Look Up, Down, & All-Around on Your Hike to St. Louis Canyon

Ann Kafer's recent hike, experience, and tips for hiking to one of Starved Rock's most visited canyons.


The hike from Starved Rock Lodge & Conference Center to St. Louis Canyon never disappoints. It features an almost-always flowing waterfall, an amazing sand-filled canyon, and plenty of stairs to get your heart pumping. But there’s much more if you take your time and look around.


The trail starts at the west end of the Lodge; opposite of all other trails starting at Lodge level. Lace up your boots, stretch out your quads, and head out on the bridge over the road connecting the Visitor Center and the Lodge entrances. Click here to view the complete trail description.


The roughly 4-mile round trip hike initially takes you above two small canyons, Sac and Aurora. Then, it levels out along a bluff parallel with the access road to the Visitor Center. There, you’ll want to look up and out, as I’m most always able to spot a variety of wildlife that includes pileated woodpeckers, a host of chipmunks, and the occasional deer. Be sure to look deep into the woods as you walk the partially planked trail to spot furry or feathered friends.


Wildflower along trail, submitted by Ann Kafer

As the trail starts to wind down several sets of stairs, be sure to look down at the amazing knots of tree roots clinging to the rocks. Eventually, you will turn back toward the canyon on a sand path alongside a creek. The coolness from the shade of the pine is evident even on the hottest days. The creek offers frogs, tadpoles and always interesting sand patterns carved by the water. The trail is filled with many wildflowers worthy of praise as well.


St. Louis Canyon, submitted by Ann Kafer

Approaching the canyon, you will likely hear the waterfall. This waterfall is partially spring fed, so it runs almost all year ‘round.


You’ll need to cross the creek to get into the canyon. I recommend waterproof boots, as it’s rarely above ankle depth. For those without waterproof shoes, there are rocks and boards spanning the gap. Just remember, wet boards and rocks can be slick!


The waterfall is great. When it’s not running hard, you can walk almost completely around it. The waterfall is the highlight of the hike for most people. I once witnessed a marriage proposal there and was asked to take impromptu photos for the couple, which was great fun.



For me, however, the canyon itself is the star. This was the site of a spectacular canyon wall collapse that occurred in 2004. It is filled with deep sand and sandstone boulders to explore. The stone walls bow in over the floor of the canyon creating a spectacular backdrop for photos.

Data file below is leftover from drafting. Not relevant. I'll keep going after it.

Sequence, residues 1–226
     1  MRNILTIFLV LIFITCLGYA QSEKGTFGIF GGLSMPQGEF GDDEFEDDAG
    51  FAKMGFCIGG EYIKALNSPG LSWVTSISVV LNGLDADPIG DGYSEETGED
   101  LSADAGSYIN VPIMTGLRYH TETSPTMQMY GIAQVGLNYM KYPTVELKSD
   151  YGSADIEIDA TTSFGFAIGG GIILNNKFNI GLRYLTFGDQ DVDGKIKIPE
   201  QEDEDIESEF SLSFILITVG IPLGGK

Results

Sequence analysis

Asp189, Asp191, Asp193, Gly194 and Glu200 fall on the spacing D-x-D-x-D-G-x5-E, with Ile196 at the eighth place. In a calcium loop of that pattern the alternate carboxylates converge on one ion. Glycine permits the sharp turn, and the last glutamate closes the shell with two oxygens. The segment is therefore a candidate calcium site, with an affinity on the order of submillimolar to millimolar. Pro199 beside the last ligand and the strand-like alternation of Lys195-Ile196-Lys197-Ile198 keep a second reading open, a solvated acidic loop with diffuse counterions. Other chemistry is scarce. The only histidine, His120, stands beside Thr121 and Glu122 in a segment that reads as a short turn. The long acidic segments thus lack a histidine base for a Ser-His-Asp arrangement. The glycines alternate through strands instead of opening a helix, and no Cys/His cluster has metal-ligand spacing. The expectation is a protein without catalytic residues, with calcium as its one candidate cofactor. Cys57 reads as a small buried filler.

Site of 2004 Wall Collapse, submitted by Ann Kafer

A Cooper's hawk along the trail, submitted by Ann Kafer

On my return to the Lodge from the canyon recently, I stopped to take a photo of a really large, bright orange sandstone rock at the base of a step staircase.


As I did, I noticed activity in the trees atop the rock.


As I zoomed in with my camera, there were a pair of juvenile Cooper's Hawks -watching me, watch them.

They were unphased as I climbed to their level and took some shots. Beautiful birds!




I recommend going early to beat the crowds and for your best wildlife viewing. I’m always in and out of the park by 10 a.m. The only downside is that I’m often the spider web clearer of the trail if first out – so “you’re welcome” if you head out after I do.


Plan on a solid hour if you are hiking for cardio. A casual pace is 75-90 minutes. Enjoy!


This story was originally written by Ann Kafer, a Starved Rock Hiker from Central Illinois. It was edited and published by the Starved Rock Hikers team.

 

Have story, tip, experience, or something to share on our Trail Talk blog? Please send us an email at starvedrockhikers@gmail.com with 'guest blog' in the subject line. We look forward to hearing from you!

 

As a reminder, we are asking every person who hikes to a waterfall this summer to submit a waterfall flow rate report on our website at www.starvedrockhikers.com/waterfall-report. This takes less than 60 seconds and can be completed for all the major waterfalls within Starved Rock State Park. You can also attach photos/video clips of the waterfall.

 

Don’t forget to tag us and use the hashtag #starvedrockhikers when sharing all your spring hiking adventures! We’ll also do our best to keep hikers informed via our Hikers group on Facebook. Click here to join for free!


See you on the trail!!






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